Patent Pipeline: Securing IoT

By: Alec Schibanoff

There is a way to see into the future without a crystal ball, psychic power or a time machine. Just look at the most recently issued patents. New technologies are patented by their inventors – corporate R&D staff, university professors and students, and independent inventors – and the patented technologies of today are the technologies that will be launched tomorrow, next week, next month or next year

In this installment of Patent Pipeline, we take a look at the latest patents covering IoT security. As more and more “things” are networked together into the ever-growing Internet of “Things,” keeping those networks secure will be a greater and greater challenge. As more and more devices are added to an Iot network, the opportunity for that network to be hacked grows exponentially. And when devices from different businesses or organizations are networked together, there will need to be some type of universal inter-organizational technology that will protect the network from intruders.

We immediately think of terrorists breaking into our secure networks, and that is a genuine threat to consider. It has been assumed for years that terrorists could, for example, bring down the U.S. electrical grid, and that would leave us helpless. It was not terrorists but Mother Nature that brought down the Puerto Rican power grid, and we see the results.

In addition to terrorists, there is always the threat of hackers breaking into an IoT network and demanding payment from the affected businesses. It is, unfortunately, no longer a rare event for hackers to break into websites and past firewalls to steal sensitive data from an e-commerce business or financial institution.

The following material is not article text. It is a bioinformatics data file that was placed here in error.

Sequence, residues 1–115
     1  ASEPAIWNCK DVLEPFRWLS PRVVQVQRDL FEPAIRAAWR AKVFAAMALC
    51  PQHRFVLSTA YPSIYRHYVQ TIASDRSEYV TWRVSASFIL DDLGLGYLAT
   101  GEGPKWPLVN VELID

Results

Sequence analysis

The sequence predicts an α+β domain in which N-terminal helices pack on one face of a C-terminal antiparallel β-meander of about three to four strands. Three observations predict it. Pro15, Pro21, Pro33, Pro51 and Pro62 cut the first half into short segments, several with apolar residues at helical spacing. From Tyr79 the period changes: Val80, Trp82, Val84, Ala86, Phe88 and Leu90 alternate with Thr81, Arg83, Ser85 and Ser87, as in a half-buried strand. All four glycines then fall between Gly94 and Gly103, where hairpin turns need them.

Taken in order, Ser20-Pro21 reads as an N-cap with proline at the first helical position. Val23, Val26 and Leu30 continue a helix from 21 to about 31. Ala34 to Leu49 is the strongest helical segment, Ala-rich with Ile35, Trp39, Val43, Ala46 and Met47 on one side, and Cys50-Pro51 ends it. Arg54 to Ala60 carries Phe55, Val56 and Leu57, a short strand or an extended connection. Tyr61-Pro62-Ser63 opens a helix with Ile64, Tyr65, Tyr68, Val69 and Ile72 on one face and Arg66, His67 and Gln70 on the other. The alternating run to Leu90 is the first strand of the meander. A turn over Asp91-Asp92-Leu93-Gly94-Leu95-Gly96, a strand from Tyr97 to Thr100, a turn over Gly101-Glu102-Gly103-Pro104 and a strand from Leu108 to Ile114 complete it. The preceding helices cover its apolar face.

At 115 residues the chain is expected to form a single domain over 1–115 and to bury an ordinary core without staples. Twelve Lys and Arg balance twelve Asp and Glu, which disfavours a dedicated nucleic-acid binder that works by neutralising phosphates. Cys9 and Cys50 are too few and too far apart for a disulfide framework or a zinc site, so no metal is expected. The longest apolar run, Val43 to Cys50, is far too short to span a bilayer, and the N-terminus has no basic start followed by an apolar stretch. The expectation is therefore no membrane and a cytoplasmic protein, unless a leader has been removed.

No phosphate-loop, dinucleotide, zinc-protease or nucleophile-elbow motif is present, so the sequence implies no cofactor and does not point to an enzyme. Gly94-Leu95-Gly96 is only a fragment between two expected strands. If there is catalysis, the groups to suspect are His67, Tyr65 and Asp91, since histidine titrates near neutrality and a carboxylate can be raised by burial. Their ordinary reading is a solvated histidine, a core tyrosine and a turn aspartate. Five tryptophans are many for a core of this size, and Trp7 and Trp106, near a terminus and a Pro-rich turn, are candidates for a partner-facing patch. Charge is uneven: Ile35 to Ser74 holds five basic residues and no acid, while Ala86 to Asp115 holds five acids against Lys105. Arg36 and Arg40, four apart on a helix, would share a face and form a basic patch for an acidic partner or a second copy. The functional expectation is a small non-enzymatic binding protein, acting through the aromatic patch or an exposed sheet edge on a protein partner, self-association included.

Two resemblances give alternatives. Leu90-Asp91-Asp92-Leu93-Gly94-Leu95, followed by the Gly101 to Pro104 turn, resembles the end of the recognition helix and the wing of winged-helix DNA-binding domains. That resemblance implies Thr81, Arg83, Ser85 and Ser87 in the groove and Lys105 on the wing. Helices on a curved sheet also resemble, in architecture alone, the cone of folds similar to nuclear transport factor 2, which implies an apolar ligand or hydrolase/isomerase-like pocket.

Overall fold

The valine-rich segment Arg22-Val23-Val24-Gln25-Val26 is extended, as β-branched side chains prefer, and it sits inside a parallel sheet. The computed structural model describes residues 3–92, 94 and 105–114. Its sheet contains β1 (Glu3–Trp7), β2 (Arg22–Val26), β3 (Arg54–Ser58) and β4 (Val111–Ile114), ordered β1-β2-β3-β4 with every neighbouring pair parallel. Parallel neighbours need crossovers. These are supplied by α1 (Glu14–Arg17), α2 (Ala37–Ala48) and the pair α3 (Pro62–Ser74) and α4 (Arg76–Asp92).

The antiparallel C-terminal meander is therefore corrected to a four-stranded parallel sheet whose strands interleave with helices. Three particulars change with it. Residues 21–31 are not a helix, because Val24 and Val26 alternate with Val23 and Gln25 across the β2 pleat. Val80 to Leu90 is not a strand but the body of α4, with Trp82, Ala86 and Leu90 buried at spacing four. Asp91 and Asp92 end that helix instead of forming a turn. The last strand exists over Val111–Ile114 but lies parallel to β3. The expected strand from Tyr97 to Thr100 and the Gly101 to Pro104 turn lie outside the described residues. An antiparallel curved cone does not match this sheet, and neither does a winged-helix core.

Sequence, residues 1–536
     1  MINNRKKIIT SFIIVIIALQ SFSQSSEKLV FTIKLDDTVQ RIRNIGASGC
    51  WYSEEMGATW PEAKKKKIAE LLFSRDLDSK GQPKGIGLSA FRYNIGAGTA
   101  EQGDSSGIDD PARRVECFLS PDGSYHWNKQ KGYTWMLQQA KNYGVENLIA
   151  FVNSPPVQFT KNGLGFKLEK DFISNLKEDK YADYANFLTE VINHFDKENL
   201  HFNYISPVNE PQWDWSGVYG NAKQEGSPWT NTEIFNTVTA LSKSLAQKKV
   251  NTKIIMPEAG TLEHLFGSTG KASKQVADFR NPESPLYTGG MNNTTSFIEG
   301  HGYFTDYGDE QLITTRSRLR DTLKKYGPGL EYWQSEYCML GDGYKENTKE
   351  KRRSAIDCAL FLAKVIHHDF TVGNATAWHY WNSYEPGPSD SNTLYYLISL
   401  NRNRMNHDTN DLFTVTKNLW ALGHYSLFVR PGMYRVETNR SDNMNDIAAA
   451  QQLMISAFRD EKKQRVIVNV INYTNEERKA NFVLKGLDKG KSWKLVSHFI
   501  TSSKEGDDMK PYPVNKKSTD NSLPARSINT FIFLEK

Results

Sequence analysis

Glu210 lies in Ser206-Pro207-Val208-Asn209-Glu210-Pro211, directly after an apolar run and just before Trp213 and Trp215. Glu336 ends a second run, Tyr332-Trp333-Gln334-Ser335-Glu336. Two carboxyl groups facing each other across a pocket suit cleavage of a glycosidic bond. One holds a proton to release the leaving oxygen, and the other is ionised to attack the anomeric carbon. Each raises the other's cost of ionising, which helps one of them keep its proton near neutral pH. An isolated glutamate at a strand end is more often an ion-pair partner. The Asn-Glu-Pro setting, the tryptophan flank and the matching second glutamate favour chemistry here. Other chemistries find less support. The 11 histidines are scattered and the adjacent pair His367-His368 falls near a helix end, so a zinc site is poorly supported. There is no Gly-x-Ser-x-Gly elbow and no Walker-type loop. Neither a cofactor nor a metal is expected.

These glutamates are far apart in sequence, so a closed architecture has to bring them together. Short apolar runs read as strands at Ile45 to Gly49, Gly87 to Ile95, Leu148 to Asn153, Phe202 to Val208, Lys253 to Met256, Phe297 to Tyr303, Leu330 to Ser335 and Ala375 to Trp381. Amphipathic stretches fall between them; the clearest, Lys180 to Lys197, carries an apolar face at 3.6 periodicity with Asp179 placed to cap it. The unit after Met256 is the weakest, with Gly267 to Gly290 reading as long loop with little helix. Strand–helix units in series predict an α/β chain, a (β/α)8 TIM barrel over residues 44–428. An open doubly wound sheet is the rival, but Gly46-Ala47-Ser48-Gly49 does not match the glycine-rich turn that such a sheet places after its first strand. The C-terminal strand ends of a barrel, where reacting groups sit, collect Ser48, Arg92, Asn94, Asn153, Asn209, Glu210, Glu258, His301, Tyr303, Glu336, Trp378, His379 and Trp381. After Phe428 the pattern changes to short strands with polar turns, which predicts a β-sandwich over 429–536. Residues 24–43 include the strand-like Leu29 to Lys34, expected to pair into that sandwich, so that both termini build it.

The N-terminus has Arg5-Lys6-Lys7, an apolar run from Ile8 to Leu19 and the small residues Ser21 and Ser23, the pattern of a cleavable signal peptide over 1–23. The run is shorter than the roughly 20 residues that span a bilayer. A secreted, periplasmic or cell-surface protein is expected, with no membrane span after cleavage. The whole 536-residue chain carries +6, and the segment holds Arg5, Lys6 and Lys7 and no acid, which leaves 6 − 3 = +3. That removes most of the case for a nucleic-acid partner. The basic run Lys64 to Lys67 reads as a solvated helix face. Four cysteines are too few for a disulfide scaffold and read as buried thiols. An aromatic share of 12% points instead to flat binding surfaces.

And then there are competitors. For many years, it has been a common practice in Corporate America for businesses to hire competitive intelligence consultants who would – among other activities – go through the trash of competitors looking for discarded memos, business plans and other documents. Infiltrating a competitor’s IoT to find out what that company is up to is easier and far less smelly that getting it from dumpsters. Unethical competitors could infiltrate an IoT network with the goal of reducing a company’s abilities to serve its customers, damaging the company’s reputation and driving customers to the competitors.

Besides terrorists, hackers and competitors, there are disgruntled ex-employees and just plain nut cases to worry about!

Technology has been developed and patented in just the last year that addresses the threat of infiltration of an IoT network using several different approaches. Five recently issued U.S. patents show us the latest technologies and methodologies in the area of Internet-of-Things security.

Unique Identifier to Authenticate Messages

First up is U.S. Patent No. 9,319,404 for “Security for the Internet of Things.” It is the first of two patents from independent inventor Jerome Svigals, and it was issued last April. This patent includes two hardware-based and software-controlled solutions.

The invention covered by this patent includes an application control device that controls another device from a remote location. The remote device is coupled to the device that is being controlled, and it has two elements – an action portion and a security portion that contains a unique identifier. The application control device includes a rolling transaction code generator that is adapted to assign a unique rolling transaction code each time the application control device attempts to control the action portion of the remote device. 

The invention can also be configured so that two or more devices communicate with each other over a network without human intervention. The system consists of a sending device that is adapted to send messages over the network to at least one receiving device, and each sending device is connected to the network via a sending intelligent chip, while each receiving device is coupled to the network via a receiving intelligent chip. The sending intelligent chip appends an “identifier” to each message that emanates from the sending device associated with it.


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